1. Describe this Gin Botanical: Angelica
    • Description: A tall flowering herb native to the Northern hemisphere. The stems and ribs are often candied and used as culinary decorations.
    • Aromas/Flavors: Earthy, wood-like, delicate aroma, somewhat reminiscent of celery.
  2. Describe this Gin Botanical: Calamus
    • Description: A semiaquatic flowering plant officially known as Acorus calamus; also known as sweet flag.
    • Aromas/Flavors: Often used as a substitute for ginger, cinnamon, or nutmeg.
  3. Describe this Gin Botanical: Cardamom
    • Description: An ancient spice; the seedpods of a variety of plants in the ginger family.
    • Aromas/Flavors: Smoky, mint, camphor, floral, resinous, grapefruit.
  4. Describe this Gin Botanical: Cassia
    • Description: The spice made from trees related to the "true" Sri Lanka cinnamon; marketed as cinnamon in North America.
    • Aromas/Flavors: Cinnamonk, resin, pungent.
  5. Describe this Gin Botanical: Citrus Peel
    • Description: The dried peels of oranges, lemons, limes, or other citrus fruits.
    • Aromas/Flavors: Provides the aroma and flavor of the respective fruit.
  6. Describe this Gin Botanical: Coriander Seed
    • Description: The seed of the coriander plant, which is sometimes called cilantro or Chinese parsley.
    • Aromas/Flavors: Adds a peppery or spicy note, along with citrus.
  7. Describe this Gin Botanical: Gentian
    • Description: The root of a large family of small flowering plants producing trumpet-shaped flowers.
    • Aromas/Flavors: Very bitter and aromatic. Used in cocktail bitters.
  8. Describe this Gin Botanical: Hyssop
    • Description: An herb native to southern Europe and the Middle East. Used as a culinary herb and in herbal medicine.
    • Aromas/Flavors: Herbal, minty, and bitter.
  9. Describe this Gin Botanical: Juniper Berry
    • Description: Not a true berry, but the female seed cone of the juniper plant.
    • Aromas/Flavors: Must be the dominant flavor in gin. Lends a clean, pine-like aroma, as well as floral notes.
  10. Describe this Gin Botanical: Orris Root
    • Description: The dried root of the iris flower, used in herbal medicine and perfumery.
    • Aromas/Flavors: Floral, violet, raspberry. Often used to scent potpourri.
  11. Describe this Gin Botanical: Quinine
    • Description: A chemical that occurs naturally in the bark of the cinchona tree.
    • Aromas/Flavors: Bitter, clean, and medicinal. Used in tonic water and cocktail bitters.
  12. Define distilled gin
    • A subcategory of gin in both the U.S. and E.U.
    • It is produced via original distillation (aka direct distillation) or redistillation.
    • Original distillation: fermented mash is put in a Carter head still containing a gin head (perforated tray) filled with botanicals.
    • Redistillation: mash is distilled into a neutral spirit before being flavored. One style of redistillation is known as cold distillation or vacuum distillation, where the neutral spirits can be macerated with botanicals with no heat applied.
  13. Define compound gin
    • A subcategory of gin in both the U.S. and E.U.
    • It is considered a lower quality than distilled gin.
    • It is produced via the cold compounding method or the essential oils method.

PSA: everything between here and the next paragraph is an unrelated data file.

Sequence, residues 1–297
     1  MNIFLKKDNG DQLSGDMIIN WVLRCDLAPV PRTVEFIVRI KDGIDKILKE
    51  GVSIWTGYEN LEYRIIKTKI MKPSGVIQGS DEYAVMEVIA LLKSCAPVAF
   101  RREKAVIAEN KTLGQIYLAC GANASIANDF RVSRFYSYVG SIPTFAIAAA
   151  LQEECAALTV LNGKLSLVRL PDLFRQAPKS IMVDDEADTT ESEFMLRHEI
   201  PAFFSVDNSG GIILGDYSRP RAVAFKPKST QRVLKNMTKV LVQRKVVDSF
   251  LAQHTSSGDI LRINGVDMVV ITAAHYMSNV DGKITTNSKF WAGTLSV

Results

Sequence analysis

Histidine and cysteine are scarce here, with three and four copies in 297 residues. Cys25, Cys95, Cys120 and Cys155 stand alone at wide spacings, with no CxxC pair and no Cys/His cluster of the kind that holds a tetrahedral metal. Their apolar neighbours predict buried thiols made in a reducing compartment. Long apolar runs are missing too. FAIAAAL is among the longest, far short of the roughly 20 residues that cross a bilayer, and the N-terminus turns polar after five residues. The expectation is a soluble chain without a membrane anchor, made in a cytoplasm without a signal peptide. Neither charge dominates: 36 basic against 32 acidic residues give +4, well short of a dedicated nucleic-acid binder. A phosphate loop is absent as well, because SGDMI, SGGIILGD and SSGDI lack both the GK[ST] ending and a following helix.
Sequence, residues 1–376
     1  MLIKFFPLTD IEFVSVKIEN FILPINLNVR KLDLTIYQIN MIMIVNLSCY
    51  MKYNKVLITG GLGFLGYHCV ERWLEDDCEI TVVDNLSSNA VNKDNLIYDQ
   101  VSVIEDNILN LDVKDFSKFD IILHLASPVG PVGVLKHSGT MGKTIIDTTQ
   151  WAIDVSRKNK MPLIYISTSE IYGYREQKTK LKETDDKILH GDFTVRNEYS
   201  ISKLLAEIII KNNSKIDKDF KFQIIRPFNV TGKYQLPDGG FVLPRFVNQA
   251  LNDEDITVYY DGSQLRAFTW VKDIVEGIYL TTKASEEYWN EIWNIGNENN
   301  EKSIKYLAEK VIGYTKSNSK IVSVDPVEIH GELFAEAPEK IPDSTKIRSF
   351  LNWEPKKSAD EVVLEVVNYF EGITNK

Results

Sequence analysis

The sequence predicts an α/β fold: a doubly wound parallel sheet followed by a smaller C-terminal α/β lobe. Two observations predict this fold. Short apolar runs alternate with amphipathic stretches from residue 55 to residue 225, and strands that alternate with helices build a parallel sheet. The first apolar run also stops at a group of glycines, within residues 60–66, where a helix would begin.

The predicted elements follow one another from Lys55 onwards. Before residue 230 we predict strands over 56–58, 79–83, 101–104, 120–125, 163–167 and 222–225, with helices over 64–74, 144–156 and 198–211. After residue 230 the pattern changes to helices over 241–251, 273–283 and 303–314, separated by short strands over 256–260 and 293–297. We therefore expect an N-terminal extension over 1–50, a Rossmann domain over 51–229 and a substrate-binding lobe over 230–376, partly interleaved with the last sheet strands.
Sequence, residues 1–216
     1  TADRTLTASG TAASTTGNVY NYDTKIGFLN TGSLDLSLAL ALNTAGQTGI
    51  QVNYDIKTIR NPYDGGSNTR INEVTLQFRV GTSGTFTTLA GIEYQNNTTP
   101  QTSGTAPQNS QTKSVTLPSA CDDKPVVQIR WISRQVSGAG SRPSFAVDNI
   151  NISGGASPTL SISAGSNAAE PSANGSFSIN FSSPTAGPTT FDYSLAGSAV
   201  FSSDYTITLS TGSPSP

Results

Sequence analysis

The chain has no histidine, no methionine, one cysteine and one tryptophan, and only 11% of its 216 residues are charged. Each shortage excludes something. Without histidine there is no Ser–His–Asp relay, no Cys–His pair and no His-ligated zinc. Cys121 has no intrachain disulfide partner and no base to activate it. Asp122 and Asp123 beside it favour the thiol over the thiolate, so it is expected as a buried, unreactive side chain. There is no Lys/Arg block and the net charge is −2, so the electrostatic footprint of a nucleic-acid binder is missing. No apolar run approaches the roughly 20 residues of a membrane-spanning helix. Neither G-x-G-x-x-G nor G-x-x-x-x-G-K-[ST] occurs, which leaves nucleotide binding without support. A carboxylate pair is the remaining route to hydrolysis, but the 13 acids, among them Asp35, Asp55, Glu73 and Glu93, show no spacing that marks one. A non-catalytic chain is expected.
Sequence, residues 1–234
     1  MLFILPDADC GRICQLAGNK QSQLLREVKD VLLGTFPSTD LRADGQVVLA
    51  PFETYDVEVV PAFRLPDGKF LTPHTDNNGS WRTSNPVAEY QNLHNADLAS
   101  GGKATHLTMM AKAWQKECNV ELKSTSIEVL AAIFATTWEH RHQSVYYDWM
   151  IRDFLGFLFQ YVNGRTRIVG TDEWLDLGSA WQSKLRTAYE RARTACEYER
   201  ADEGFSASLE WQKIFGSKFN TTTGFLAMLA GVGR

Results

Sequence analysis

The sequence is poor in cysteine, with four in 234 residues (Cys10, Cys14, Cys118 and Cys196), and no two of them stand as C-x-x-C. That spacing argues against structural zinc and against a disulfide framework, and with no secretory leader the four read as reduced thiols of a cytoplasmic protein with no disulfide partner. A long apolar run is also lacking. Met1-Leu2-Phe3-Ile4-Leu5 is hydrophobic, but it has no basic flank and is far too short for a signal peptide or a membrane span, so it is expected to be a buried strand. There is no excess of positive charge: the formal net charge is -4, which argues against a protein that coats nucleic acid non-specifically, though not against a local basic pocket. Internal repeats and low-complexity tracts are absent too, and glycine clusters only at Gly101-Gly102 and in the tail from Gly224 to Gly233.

• Cold compounding (3 methods):
    • Essential oils (aka compounding essensce): Essential oils are blended with a neutral spirit, rested for a week, then filtered, and if unaged, reduced to bottling strenth and bottled.
  14. What is "la fée verte" ("the green fairy")?
    Absinthe: after filling a reservoir glass one third full, ice water is dripped over a sugar cube in a slotted spoon until the drink contains one part absinthe to 3 to 5 parts water. Louching of the clear green absinthe is referred to as "releasing the green fairy".
  15. Name 3 substitutes for absinthe when it was banned in 1915
    • Pernod: 1928 by Maison Pernod Fils Distillery in Pontarlier
    • Pastis: 1932 by Paul Ricard
    • Herbsaint: 1934 by J. Marion Legendre and Reginald Parker in New Orleans (sold to Sazerac in 1949 who now produce a 90 and 100 proof versions)
  16. What does Herbsaint mean?
    Herbe sainte ("sacred herb") is the Creole term for Artemisia absinthium. The original name "Legendre Absinthe" (though it never contained wormwood) was changed to "Legendre Herbsaint" due to pressure from the Federal Alcohol Administration.
  17. Name the top-selling gin brands in the world
    • Ginebra San Miguel
    • Gordon's
    • Bombay
    • Tanqueray
    • Beefeater
    • Seagram's
    • Larios
    • Hendrick's
  18. Name 7 seed/bean botanicals
    • Juniper Berry: female seed cone of juniper plant
    • Coriander: seed of the coriander (aka cilantro or Chinese parsley) plant
    • Aniseed
    • Caraway
    • Cardamom
    • Cocoa
    • Vanilla
  19. Name 3 bark botanicals
    • Cassia: related to the "true" Sri Lanka cinnamon
    • Cinnamon
    • Quinine: bark of the cinchona tree
  20. Name 5 root botanicals
    • Fennel
    • Ginger
    • Licorice
    • Orris Root: dried root of the iris flower; used to scent potpourri
    • Gentian: bitter and aromatic root of plant with trumpet-shaped flowers
  21. Name 7 herb botanicals
    • Angelica: herb whose stems and ribs are often candied; reminiscent of celery
    • Chamomile
    • Hyssop: minty and bitter herb native to southern Europe and the Middle East
    • Mint
    • Marjoram
    • Rosemary
    • Sage
  22. How many Carterhead Stills are there in the world?
    • 6
    • William Grant & Sons: 3
    • Hendrick's Gin: 2
    • Reyka Vodka: 1
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